And of course, since you will most likely be eating breakfast before you go to work, it can’t hurt that eating breakfast has been shown to assist with concentration early in the day.

7. Don’t Drink (Much)

At least, don’t drink often. The “it’s the weekend, let’s get wasted” routine is going to kill you. Seriously, look:

Chronic excess alcohol intake, or alcohol dependence, can lead to a wide range of neuropsychiatric or neurological impairment, cardiovascular disease, liver disease, and malignant neoplasms. The psychiatric disorders which are associated with alcoholism include major depression, dysthymia, mania, hypomania, panic disorder, phobias, generalized anxiety disorder, personality disorders, schizophrenia, suicide, neurologic deficits (e.g. impairments of working memory, emotions, executive functions, visuospatial abilities and gait andbalance) and brain damage. Alcohol dependence is associated with hypertension, coronary heart disease, and ischemic stroke, cancer of the respiratory system, and also cancers of the digestive system, liver, breast and ovaries. Heavy drinking is associated with liver disease, such as cirrhosis.[12]  – The negative effects of alcohol as listed by Wikipedia.

There is some evidence that moderate alcohol use can actually benefit your cardiovascular system. But moderate use is in the area of 1 or 2 drinks at a time. When Friday night comes around, you should probably work on a hobby instead of a six-pack.

8. Don’t Smoke

Definitely just don’t smoke. You can actually make an argument for drinking. But smoking? Why bother?

Seriously, you’re basically just spending a ton of money on being addicted to a habit that consumes your money, your health, and somewhere in the area of an hour or two a day that you could spend more productively. You could at least spend that time sleeping, since you’re probably not getting enough time for that either.

No smoking, ever. For any reason.

Image by Isabel Bloedwater via Flickr – Creative Commons License

9. Be Happy

Just be happy. You can control how happy you are surprisingly easily.

Seriously, most people don’t understand that being happy is as simple as deciding to be happy.

Other than obvious complaints about being fatigued or irritable, which points one through eight will fix, why are you unhappy?

Just don’t be. Be positive. Help others. Just be happy.

  • http://10stepstofindingyourhappyplace.blogspot.com/ Galen Pearl

    Hi, Rob–Saw your response to my comment on Advanced Life Skills and popped over to check out your blog. 3 weeks?! Way to go! Loved this list, and I do most of these things. Your last one is what my blog is all about. Anyway, good luck to you and thanks for the additional comment about the serenity prayer–my mantra!

  • @feraltwit

    WIN, I do all those things. Consiquently I burp smugness and fart rosy mist.

    Seriously though, all those things are money saving so you can work less and have more time to do those things!

  • Demorfellis

    I appreciate this simple but practical list. However, claiming that being happy is just a matter of deciding to do so is naive. Roughly one in ten Americans suffer from clinical depression, which prevents them from ‘deciding to be happy.’ While being happy does, indeed, improve one’s health, and doing so usually requires a decision to do so, happiness is elusive or even unattainable for some people until they find a medical treatment for the underlying physiological and/or psychological conditions that are the cause of their unhappiness.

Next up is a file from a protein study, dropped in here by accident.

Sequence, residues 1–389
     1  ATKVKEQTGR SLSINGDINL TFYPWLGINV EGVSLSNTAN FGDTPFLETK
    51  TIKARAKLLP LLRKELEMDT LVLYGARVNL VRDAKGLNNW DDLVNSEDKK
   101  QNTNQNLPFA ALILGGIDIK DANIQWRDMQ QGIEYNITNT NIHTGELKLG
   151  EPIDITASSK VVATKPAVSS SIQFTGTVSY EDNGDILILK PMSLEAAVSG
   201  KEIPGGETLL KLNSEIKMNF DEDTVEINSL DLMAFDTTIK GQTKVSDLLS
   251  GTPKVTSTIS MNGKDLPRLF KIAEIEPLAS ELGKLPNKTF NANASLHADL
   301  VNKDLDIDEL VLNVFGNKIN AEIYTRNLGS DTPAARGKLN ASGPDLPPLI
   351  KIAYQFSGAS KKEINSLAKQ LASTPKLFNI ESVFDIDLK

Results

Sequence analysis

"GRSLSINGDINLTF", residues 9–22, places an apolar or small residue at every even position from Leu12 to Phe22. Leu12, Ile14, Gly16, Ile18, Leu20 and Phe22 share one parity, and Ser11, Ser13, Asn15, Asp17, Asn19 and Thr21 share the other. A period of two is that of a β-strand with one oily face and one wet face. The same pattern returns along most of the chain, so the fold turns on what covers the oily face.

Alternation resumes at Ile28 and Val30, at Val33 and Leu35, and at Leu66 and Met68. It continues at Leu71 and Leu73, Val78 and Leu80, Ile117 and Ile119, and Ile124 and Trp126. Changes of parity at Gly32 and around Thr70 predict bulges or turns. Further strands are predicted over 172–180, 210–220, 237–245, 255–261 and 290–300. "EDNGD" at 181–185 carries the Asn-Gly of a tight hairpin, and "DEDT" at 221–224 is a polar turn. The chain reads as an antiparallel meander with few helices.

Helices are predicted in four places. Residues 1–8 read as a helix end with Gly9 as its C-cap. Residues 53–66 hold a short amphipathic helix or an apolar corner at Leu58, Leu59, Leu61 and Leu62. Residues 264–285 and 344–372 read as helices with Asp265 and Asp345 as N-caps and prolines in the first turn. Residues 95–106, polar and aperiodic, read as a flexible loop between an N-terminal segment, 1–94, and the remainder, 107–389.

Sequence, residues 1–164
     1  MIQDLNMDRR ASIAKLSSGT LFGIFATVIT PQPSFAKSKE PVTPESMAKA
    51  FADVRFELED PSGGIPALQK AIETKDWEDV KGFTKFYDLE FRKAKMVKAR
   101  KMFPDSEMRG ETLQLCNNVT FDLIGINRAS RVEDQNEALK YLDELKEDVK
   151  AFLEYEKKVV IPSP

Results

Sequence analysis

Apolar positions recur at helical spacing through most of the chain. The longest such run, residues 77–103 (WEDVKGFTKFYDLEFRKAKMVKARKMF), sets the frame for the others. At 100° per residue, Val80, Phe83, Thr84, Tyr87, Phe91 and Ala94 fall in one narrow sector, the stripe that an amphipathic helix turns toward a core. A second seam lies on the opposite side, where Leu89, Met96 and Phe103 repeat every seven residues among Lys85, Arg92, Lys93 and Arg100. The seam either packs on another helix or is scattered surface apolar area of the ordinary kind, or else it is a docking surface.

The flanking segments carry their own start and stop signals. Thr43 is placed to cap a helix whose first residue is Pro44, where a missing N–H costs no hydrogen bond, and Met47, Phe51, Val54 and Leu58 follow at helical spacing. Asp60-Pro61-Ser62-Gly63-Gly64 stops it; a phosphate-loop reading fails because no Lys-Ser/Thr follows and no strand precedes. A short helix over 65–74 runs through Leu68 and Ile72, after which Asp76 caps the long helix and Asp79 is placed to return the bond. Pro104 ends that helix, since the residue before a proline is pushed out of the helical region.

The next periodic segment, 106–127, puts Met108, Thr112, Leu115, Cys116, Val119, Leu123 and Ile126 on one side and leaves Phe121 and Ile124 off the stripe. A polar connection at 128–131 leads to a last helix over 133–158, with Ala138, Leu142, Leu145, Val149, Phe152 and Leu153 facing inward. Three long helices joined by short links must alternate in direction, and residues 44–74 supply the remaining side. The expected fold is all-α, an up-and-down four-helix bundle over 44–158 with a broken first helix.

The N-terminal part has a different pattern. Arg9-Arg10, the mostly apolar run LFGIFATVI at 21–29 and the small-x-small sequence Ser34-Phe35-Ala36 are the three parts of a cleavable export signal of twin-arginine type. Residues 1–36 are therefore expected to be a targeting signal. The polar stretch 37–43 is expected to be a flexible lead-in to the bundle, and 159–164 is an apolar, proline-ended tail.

• Anonymous

      Amen! As I read this I felt it was all good (and obvious) information EXCEPT the “just be happy” part. Who would argue that the human brain is the most complex organ in the body and possibly the most complex thing that has ever existed? Yet oddly, many people have a belief that it never goes awry. No one would say “Oh, you have cancer? Well just stop it!” People who are depressed can’t just “be happy”. I’ve spent decades trying to help a family member be happy who suffers from depression. Trust me, she wishes with all her heart that point #9 was as easy as you suggest!

    • Anonymous

      I don’t think #9 was implying that depressed people should just stop being depressed. Obviously, there’s a lot more to it than that. Rather, I think it was saying that people who aren’t depressed need to stop clinging to the bad things in every day life (No parking spaces, the dog peed on the floor, you had tooth paste fall on your shirt, etc.) and focus on the positives. Clinical depression is on a whole other level and #9 clearly doesn’t apply to that.

  • http://everythingofcooking.com/ everythingofcooking

    I do all those things. I came to them not long ago, but the most important i did came to them! I can add one more thing here – Have hobby or the work you really like!

  • http://programminglife.net M. Catlett

    Excellent reminders all in all! That picture of breakfast is definitely unappetizing to me, but hey, different strokes.

  • Tim

    Already doing al 9. Feeling pretty good, besides the hangovers…

    If you wanna give tips on a better way of living, skip the basics. People know this, just not all who commit to it.

  • http://www.tiffany267.wordpress.com tiffany267

    Mostly quite sensible and helpful tips, but there is no such thing as deciding to have an emotion. What we can and should decide is our rational course of action (such as following the other tips in the article) – happiness will naturally follow by consistently acting in our rational self-interest.